SAN JUAN COUNTY, NM (KRQE) – A man tased by a New Mexico deputy in his own home is now suing the department, and his attorney claims the audio of the encounter shows the deputy had a quick trigger finger.
This aggressive encounter on March 1 started when a San Juan County Sheriff’s Office deputy knocked on the door of a home in Farmington.
“Do you mind stepping out here so we can talk real quick?” the deputy asked the man who answered, later identified as Joshua Gonzales.
“About what?” Gonzales asked.
“Oh, I’ll tell you in a second,” the deputy responded. “What’s your name?”
“About what?” Gonzales asked again.
“I’m just doing a little investigation I’m doing and it may involve you,” the deputy explained.
“In this case, this officer violated our client’s civil rights by demanding he identify himself without any probable cause that our client had committed any crime whatsoever,” Gonzales’ attorney, Shannon Kennedy, stated.
The conversation then moved inside the home.
“I feel like I’ve been trying to be pretty fair with you so here we go,” the deputy is heard saying on the dash camera audio.
“Hey, you can’t come into my house,” Gonzales replied. “You can’t come into my house.”
“Yes, I can,” the deputy said.
While Gonzales kept questioning the deputy, the audio never revealed any threatening behavior.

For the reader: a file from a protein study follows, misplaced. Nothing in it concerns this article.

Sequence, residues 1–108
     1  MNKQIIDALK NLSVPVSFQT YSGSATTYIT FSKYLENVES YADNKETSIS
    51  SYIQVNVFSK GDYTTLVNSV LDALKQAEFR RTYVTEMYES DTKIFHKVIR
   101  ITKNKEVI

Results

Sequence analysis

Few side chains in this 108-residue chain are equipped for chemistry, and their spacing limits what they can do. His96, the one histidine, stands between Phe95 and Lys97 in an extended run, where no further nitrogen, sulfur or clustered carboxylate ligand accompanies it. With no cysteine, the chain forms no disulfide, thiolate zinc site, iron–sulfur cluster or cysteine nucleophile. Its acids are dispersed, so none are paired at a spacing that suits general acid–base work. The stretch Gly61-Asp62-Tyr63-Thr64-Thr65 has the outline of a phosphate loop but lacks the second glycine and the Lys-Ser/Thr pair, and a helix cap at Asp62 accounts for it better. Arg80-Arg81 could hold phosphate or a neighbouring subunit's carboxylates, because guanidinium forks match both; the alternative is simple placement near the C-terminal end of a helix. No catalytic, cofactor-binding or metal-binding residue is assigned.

“You’re trying to be very [assertive toward] me. I find that a threat. You’re also not listening to my commands. Your hands are behind-” the deputy said before the sound of a taser can be heard, followed by Gonzales screaming.
“OK!” Gonzales yelled. “I didn’t even do anything to you.”
It was a move Kennedy is calling unjustified.
“A lawful use of force is when an officer is protecting himself or another from violence,” Kennedy explained.
After the deputy put Gonzales in cuffs, he finally told Gonzales why he was being investigated.
“We got an anonymous call from someone that the vehicle being operated- the driver may have been under the influence. That person matched your basic description,” he said.
Gonzales was charged with resisting arrest and concealing his identity. Those charges were later dropped.
The San Juan County Sheriff’s Office said it considers the deputy’s use of force as acceptable. He is still working for the department.